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I like to wear a suit, and of course, a reasonably formal shirt goes with it. Years ago, this meant ironing the shirts by hand, but these days non-iron shirts are pretty good. However, with non-iron shirts, your ideal scenario is to tumble dry just to get the last non-stubborn creases out. Stubborn creases are more than a problem, and I've noticed one particular kind that I don't have a way of dealing with. This is creases down the length of the arms, caused by the sleeves becoming twisted. The twisting probably occurs in the washing cycle, with the creases bedded in by the spinning.

Is there a way I can put my shirts into the washing machine that will prevent them from twisting?

  • Have you tried pulling the sleeves inside the shirt before washing? – apaul Dec 23 '14 at 22:31
  • If you take a hair straightener or iron to the sleeves they should de-wrinkle. – jburton Mar 28 '18 at 0:53
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Things I try that I know work:

  • Put them in such a way that they do not wrap around the spinning portion of the washer. This can be done by putting heavier clothing in with it or washing it by itself.

  • Try putting your washer on a gentler setting. This can stop the washer from twisting the clothing.

  • Pulling the sleeves inside the shirt and tying the sleeves in a bow also work.

  • Fold them and tie them with something or put them in a delicates bag. This will stop the clothes from twisting because they will have absolutely no interaction with the washer.

If I am understanding your problem correctly then this comment on fluther.com will help:

From the user Wildflower:

It’s a matter of quality of the fabric – and is often indicated by the price. I think low-cost logo’d shirts are more likely to do this. Some t-shirts are made from stretched or loosely woven/knitted cotton and it may lose it’s shape. Others are made from good quality cotton, but not cut straight (in line with the fibers) and they may ‘warp’ too. The best way to avoid it is to dry them flat so that you can shape them while still wet and let them dry that way.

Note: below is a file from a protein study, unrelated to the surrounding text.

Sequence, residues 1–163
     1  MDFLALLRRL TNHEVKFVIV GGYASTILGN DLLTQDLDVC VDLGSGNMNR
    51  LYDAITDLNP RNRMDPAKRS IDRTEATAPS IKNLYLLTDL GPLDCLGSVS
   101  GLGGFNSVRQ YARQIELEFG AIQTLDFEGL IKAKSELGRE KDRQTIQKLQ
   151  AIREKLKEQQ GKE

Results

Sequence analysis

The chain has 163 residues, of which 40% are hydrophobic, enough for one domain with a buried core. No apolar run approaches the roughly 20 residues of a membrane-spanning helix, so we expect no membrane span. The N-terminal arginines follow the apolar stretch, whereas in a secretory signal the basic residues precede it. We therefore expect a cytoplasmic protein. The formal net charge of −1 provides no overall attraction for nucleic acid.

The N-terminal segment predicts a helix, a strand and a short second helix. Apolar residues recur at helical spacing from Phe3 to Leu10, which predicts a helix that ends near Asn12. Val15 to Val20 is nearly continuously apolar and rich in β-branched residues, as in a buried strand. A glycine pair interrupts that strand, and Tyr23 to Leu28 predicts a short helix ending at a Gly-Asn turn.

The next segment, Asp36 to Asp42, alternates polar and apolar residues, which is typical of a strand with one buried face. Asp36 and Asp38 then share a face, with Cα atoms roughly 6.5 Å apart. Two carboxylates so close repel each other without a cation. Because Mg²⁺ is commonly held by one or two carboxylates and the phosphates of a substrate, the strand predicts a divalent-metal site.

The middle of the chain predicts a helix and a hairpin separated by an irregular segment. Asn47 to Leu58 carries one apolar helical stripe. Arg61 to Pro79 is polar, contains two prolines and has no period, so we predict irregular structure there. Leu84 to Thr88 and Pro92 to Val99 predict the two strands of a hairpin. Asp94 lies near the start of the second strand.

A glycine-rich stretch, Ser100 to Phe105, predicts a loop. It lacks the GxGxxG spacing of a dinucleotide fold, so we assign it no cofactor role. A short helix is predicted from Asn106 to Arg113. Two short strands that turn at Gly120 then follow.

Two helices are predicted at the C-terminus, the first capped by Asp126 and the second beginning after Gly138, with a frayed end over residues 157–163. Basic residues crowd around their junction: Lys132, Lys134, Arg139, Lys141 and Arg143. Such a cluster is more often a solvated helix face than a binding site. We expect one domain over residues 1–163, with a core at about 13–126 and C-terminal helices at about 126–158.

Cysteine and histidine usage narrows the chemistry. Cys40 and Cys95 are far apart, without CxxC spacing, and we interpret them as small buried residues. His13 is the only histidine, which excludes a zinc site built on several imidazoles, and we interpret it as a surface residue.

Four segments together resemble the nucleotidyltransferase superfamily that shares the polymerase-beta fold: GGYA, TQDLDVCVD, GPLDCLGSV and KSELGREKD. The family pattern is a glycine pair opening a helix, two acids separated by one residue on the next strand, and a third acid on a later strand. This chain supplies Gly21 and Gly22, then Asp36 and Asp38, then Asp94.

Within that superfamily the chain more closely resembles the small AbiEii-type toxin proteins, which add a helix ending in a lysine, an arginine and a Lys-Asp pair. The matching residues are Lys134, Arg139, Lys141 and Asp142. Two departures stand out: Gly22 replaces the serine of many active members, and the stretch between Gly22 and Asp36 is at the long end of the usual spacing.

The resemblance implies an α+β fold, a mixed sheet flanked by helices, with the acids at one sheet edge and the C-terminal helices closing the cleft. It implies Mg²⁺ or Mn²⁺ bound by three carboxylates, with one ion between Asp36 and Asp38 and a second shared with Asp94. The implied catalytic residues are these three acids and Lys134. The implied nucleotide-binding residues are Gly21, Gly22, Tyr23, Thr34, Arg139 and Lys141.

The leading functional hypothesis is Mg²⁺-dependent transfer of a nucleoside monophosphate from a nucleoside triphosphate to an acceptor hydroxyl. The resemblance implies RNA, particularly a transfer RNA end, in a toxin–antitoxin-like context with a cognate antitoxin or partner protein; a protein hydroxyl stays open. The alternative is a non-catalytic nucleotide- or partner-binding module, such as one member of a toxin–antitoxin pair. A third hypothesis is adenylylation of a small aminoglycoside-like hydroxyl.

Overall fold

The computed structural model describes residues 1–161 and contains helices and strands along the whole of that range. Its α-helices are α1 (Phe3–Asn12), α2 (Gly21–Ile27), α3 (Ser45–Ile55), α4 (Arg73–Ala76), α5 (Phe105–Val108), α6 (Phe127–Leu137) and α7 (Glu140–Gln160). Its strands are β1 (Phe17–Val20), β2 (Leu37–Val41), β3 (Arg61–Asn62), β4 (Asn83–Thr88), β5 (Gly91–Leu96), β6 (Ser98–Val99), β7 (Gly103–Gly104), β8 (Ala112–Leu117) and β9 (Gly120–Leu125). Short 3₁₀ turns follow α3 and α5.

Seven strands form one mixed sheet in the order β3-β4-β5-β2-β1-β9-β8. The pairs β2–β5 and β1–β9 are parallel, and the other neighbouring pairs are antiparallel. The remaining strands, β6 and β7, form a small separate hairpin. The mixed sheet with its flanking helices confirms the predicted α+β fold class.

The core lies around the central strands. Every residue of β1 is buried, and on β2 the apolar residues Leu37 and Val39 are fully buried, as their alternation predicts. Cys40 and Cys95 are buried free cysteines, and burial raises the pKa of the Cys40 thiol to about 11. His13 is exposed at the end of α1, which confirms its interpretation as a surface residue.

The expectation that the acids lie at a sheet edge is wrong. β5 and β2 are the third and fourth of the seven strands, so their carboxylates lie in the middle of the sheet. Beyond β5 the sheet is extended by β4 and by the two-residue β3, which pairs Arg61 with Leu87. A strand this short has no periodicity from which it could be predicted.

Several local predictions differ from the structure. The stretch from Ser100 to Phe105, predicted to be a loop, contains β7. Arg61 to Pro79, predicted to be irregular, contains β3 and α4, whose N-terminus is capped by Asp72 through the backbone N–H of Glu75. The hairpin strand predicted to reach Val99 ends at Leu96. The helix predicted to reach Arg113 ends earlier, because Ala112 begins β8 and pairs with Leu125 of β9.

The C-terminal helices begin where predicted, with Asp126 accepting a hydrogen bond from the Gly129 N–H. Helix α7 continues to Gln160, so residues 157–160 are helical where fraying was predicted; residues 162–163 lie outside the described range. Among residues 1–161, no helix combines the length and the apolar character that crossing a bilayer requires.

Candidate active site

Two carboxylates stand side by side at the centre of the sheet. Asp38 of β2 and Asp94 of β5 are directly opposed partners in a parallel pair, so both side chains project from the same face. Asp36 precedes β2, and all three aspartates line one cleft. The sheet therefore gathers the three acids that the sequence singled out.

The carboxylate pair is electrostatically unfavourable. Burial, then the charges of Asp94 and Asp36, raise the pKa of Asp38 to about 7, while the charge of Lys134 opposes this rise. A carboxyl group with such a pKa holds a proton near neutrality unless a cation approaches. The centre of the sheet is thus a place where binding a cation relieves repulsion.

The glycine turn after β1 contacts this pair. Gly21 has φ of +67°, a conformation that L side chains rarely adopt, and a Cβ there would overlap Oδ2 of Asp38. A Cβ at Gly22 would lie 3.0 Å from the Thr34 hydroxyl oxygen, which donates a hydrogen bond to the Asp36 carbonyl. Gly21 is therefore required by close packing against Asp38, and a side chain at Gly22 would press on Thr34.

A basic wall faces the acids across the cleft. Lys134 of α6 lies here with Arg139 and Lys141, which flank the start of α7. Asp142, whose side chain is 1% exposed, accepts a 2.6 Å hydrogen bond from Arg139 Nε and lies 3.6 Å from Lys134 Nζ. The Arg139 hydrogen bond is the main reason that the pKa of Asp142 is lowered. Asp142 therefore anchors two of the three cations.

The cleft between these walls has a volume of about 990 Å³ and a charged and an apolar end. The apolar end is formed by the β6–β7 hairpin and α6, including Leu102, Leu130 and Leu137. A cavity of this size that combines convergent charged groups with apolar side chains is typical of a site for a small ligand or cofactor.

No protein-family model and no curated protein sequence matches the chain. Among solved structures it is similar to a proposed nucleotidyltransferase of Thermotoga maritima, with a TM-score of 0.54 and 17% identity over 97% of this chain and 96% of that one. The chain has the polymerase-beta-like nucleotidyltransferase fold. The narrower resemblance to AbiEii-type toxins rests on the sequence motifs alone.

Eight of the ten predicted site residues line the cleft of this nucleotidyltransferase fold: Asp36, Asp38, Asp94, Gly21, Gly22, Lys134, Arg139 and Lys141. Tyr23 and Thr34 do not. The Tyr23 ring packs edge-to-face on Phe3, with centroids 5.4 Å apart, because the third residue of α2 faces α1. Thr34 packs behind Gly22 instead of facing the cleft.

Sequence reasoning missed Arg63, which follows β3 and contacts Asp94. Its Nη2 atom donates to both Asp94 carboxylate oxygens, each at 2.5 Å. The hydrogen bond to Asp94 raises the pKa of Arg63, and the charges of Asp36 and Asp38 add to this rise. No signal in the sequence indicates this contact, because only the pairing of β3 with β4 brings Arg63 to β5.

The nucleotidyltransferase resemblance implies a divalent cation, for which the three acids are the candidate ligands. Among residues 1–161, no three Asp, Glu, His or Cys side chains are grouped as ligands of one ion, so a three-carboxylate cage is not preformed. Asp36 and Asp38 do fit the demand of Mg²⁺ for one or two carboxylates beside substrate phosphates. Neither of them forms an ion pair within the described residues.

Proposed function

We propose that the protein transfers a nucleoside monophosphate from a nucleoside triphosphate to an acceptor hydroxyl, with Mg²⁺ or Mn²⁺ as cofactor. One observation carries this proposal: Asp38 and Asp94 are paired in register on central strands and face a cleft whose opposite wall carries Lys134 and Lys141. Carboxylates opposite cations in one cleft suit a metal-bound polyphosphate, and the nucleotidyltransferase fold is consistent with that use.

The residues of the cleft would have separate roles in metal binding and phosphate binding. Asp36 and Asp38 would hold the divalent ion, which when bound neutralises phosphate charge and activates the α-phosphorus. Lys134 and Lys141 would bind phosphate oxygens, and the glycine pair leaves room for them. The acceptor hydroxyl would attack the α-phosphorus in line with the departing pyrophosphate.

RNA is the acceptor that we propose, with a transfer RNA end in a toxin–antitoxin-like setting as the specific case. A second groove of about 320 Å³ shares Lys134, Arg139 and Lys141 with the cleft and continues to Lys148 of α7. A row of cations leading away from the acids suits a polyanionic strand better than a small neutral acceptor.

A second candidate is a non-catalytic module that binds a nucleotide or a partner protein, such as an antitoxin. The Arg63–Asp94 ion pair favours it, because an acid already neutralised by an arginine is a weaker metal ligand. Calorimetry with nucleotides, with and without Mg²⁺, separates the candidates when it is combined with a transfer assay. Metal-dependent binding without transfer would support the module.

Some shirts are very prone to wrinkles this being, because the fabric is a gentler fabric. Washing and drying by hand is a good solution. Heavier fabrics cannot twist as easily.


Things that may not be a solution:

My sleeves have not twisted in a long time, I think this may be because:

  • I usually have a very full washer.

  • There is usually something heavy in the washer and dryer with it or it is by itself. Heavy clothing seems to work.

Reddit seemed to have a lot of the same ideas with additional ones.

  • Dryer Balls. Tennis Balls work just as fine, but some people say they damage your dryer.

  • Try shaking them out before putting them in the washer. From experience shirts are more likely to become crinkled if they are left in a ball or not totally unfolded.

  • Don't overload the washer. But I think overloading it can stop the clothing from moving in such a way that twists them.

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The solution is in the dryer, not the washer. When putting shirts in the dryer pay attention and stretch the garments out. There is less control in the washer. How they go in the dryer has more significance.

Shirts are either permanent press, or require ironing. Either way, do not remove 100% of the moisture in the dryer. Only remove 70%. If slightly damp, clothes will air dry the rest of the way even if folded. For permanent press clothes, leaving a slight dampness will allow wrinkles to fall out when placed on a hanger, or pressed out if folded and placed with other clothes. If ironing clothes, the dampness will help when ironing.

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